Henningsen Cold Storage Co.

Some companies like to grow quickly, but not Henningsen Cold Storage Co. Instead, Executive Vice President of Sales and Marketing Tony Lucarelli says, the firm prefers to grow at a nice, steady pace and not bite off more than it can chew in its work. 

“The business model has worked for us in terms of stability,” he says. “It’s a measured approach to our growth.”

Based in Hillsboro, Ore., Henningsen offers warehousing and transportation management services to frozen and refrigerated food manufacturing companies. Founder Waldemar F. Henningsen Sr. started the company in 1923 in the Pacific Northwest under the name the Northwestern Ice & Cold Storage Co.

In 1973, Henningsen’s grandson, Michael E. Henningsen, reorganized the company under its current name. Five years later, it built a state-of-the-art warehouse in Twin Falls, Idaho, with plans to build a large customer base in the frozen food industry. Its Twin Falls location is now its largest operation, with more than 12 million cubic feet of frozen storage space.  

Well Handled

Today, family owned Henningsen is in its fourth generation and is one of the largest public refrigerated warehousing companies in North America, with more than 50 million cubic feet of refrigerated and frozen storage space. “We’re certainly one of the leading companies in our industry in terms of size and capability,” Lucarelli states.

He notes that Henningsen serves a diverse customer base. “They range from multinational companies to local and regional manufacturers,” Lucarelli says, adding that the company handles and stores a wide variety of frozen and refrigerated products.

But none of its success would be possible without good service. Lucarelli explains that Henningsen strives to embody its “Relax...it’s handled” slogan. “They’re putting their goods in our facilities, and they can relax because we’ll handle it for them,” he says.

The company’s entire staff has adopted this philosophy, he asserts. “When I’m out there, working with our clients, that’s one of the things that permeates: that inherently good, caring attitude about our business,” he says. “The fact that we’ve been doing this for over 90 years has been very substantial.”

Director of Transportation Todd Lanter agrees. “Our goal is to lower the barriers to and from our facilities and make it easier to do business with Henningsen,” he says, adding that it also can move products around the country.

Branching Out

Henningsen is looking at opportunities to diversify, Lucarelli says. It now has seven facilities in the Pacific Northwest, two in the Midwest and one in the Eastern United States. “We’re looking to grow in the Northwest ... [and] outside of that geographic region,” he says.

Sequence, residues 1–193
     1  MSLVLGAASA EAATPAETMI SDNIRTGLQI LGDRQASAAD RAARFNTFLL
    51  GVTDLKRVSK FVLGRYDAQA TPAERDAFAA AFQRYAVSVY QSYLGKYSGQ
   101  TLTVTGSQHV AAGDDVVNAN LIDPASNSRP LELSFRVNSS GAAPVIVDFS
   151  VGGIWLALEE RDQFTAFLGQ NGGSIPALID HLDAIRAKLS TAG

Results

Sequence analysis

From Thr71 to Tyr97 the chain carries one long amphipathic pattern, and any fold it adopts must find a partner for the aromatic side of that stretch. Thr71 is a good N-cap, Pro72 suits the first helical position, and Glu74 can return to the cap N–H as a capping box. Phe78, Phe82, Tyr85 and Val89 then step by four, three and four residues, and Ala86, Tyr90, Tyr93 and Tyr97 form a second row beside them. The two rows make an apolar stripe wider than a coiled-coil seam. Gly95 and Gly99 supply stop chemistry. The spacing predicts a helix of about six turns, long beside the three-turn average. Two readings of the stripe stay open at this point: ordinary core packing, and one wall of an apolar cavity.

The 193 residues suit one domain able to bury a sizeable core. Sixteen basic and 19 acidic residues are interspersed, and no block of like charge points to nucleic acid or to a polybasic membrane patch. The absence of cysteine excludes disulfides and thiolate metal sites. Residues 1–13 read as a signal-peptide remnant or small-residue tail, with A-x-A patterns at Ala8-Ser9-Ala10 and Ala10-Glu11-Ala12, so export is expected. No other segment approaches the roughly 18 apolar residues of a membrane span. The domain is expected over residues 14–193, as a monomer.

The company also wants to expand its client base and form partnerships with them. Its newest location in Salem, Ore., is connected to the production plant of NORPAC Foods Inc., a frozen vegetable company.

NORPAC, he explains, had a desire to improve handling and storage efficiencies of their products. Henningsen was able to fulfill that need,” Lucarelli says. “Going forward, we’ll continue to look for opportunities [like this].

“We’re also trying to diversify the products we handle,” he continues, noting that Henningsen is seeing more opportunities for growth in refrigerated items. “[In] retail grocery, product offerings continue to increase.”

Focusing on Logistics

In the past six years, Henningsen has increased its focus on its logistics services. Previously, “It was kind of an ancillary service,” Lucarelli says.

But with the addition of Lanter to its staff, “We started focusing pretty heavily on it,” Lucarelli says. “[It has become] a high-level deal.”

Under Lanter’s leadership, Henningsen has looked for more ways to bring benefits to clients through logistics. For instance, the company is looking at whether or not there are cost advantages to Henningsen transporting products from its clients’ suppliers to its own facilities to help reduce costs, Lanter says. 

According to Lanter, these services could reduce cost by transportation rate and reduce secondary inventory and management outsourcing. However, “There is no guarantee of cost reduction,” he says. “It is a matter of review to explore cost advantages.”

Henningsen also wants to improve its efficiency, Lanter says. “We’re leaning heavily on technology [in] regard with working smarter, not harder,” he says, noting that the company is implementing a new transportation management system that will allow it to analyze its work and data.

The system also gives Henningsen’s transportation planners the ability to view orders and billings if something occurs outside the company’s usual standards. “They are able to quickly identify exceptions to the plan and make appropriate decisions,” Lanter says.

It would also give Henningsen information on its clients’ inventory levels. “If they’re low on certain items, we can get notifications that we’re getting [near] a minimum quantity they’ve established,” Lanter says.

On the Right Track

Lucarelli predicts a positive future for Henningsen. “We have a good, stable business model,” he says. “If we continue to provide the level of services that we do, the opportunities are even greater. Our company is going to sustain itself for the next 90-plus years.

“That’s how I picture the future,” he says. “We’re a fourth-generation business and we’re making sure the company is well positioned to get to the fifth generation. The company is on the right track for that.”  

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